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Re: Con-other

From:Lars Finsen <lars.finsen@...>
Date:Friday, May 30, 2008, 12:07
Den 30. mai. 2008 kl. 01.01 skreiv Mark J. Reed:
> The subject of con-currencies came up on the other thread, and made me > wonder what other concultural artifacts people have created? > Orthographies (that might not yet have an associated language), > calendars, currencies, games (board and sport); vehicles, weapons; > religions....
The Urianians have a set of runelike characters used widely until the early medieval, when Roman letters became more common. The traditional Urianian calendar is a simple lunar calendar with a leap month added if the vernal equinox falls outside the 12th month. It is still used by adherents of the old religion to find the Gregorian dates of the festivals. I haven't done any work on Urianian currency, but it could be an interesting story. I gather they started minting during the last couple of centuries BCE and developed a varied selection of coins. But when the Scots, later British, took over the south of the island, they introduced their own currency there, like the Danes did when they took over the northern part. But the northern part wasn't completely conquered until the 17th century, and even then there were resistance barons who were likely to do some minting of their own. Particularly in the case of the 1849 rebellion I think there would be some rebel minting. When the southern part gained some independence in 1917, they celebrated with special issues, but continued using British denominations. The northern part got rid of the Danes in 1934, and the island was unified. The unification day on Aug 13 is the biggest national holiday. Unification of the currency also resulted, eventually, though I'm not exactly sure with what result. Maybe they are still using pounds, shillings and pence to this day. As a kid I had a period when I drew notes and mock coins to play trading games with my friends. I called them 'Superman money' and they were embellished with Superman symbols, inspired by a Schaffenberger story I read at the time. I've done a bit of work on religions. The Urianians have a traditional IE polytheism with some twists. I have written a creation myth in Old Urianian, perhaps a little ironic, almost like a parody of IE creation myths. Don't know if they actually believe in the stuff, but at least it was fun writing. The Suraetuans are animists. They don't worship humanoid gods representing the Moon and the Sun etc., they worship the objects themselves. I have done a bit of work on their creation myth as well, but it's far from finished. At the time when they encounter Uttrediay, the hero of the novel I have been working on, they have a few sects with more or less quaint ideas to market. I have more than half a dozen books full of maps in quite a bit of detail. Would like to make them digital, but it will be a lot of work, particularly if done well. I have done quite a bit of work on the botany, because I would like to know what diet items they had available, and other useful plants as well. Suraetuans are fond of colour, and I have tried to design some clothing, based on bronze age models, but more elaborate. Most Urianian plants are species found in Scotland and/or Scandinavia as well, but there is a small number of species peculiar to the country. There is a modern Urianian flag, and like "Ph. D", I have had a few versions that were discarded when I found natworld flags that were too similar. Currently I have a simple design of three horizontal stripes in blue, white and green with a red emblem in the middle. The national emblem should be treefold, but the actual shape is undecided as of now. Probably a thistle should be included, and a walking lion. I'm not sure yet of a symbol for the Urianian nation itself. These things can often be very arbitrary. For some reason I was thinking of a rooster just now. LEF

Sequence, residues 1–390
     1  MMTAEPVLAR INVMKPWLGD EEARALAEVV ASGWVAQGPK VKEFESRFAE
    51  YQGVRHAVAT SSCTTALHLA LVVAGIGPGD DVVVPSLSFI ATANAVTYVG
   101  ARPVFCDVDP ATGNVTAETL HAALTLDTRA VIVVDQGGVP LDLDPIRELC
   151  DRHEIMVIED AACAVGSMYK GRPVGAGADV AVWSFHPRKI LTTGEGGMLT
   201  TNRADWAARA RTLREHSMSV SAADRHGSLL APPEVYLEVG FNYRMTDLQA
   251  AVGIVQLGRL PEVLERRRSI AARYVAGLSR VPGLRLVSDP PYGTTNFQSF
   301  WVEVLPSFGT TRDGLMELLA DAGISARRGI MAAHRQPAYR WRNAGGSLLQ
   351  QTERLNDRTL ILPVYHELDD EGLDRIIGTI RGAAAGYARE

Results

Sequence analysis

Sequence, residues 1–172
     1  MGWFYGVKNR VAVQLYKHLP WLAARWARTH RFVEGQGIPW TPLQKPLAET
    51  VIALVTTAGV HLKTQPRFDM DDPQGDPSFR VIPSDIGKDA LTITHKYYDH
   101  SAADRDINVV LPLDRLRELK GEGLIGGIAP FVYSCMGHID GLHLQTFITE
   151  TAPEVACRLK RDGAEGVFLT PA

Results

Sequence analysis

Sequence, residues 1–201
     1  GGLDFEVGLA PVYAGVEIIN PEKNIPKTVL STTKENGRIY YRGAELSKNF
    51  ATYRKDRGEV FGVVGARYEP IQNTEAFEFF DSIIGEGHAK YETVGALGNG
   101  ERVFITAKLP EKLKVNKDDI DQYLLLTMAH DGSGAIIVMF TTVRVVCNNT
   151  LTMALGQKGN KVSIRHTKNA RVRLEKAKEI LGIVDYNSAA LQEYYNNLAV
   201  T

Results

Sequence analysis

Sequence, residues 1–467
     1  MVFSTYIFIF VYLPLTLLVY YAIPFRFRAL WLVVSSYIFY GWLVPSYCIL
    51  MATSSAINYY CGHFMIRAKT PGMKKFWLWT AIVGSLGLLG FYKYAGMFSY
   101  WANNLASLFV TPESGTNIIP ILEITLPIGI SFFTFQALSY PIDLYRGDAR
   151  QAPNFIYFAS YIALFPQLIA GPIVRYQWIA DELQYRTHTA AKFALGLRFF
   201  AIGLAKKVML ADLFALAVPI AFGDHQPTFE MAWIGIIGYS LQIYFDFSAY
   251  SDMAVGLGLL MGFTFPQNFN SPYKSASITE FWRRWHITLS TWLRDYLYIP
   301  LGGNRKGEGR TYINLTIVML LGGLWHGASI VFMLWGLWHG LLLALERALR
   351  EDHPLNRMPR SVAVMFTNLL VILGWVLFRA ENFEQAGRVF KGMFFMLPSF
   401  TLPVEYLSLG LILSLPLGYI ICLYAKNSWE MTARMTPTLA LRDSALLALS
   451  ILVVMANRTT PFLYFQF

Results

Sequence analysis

Mark J. Reed <markjreed@...>
Ph. D. <phil@...>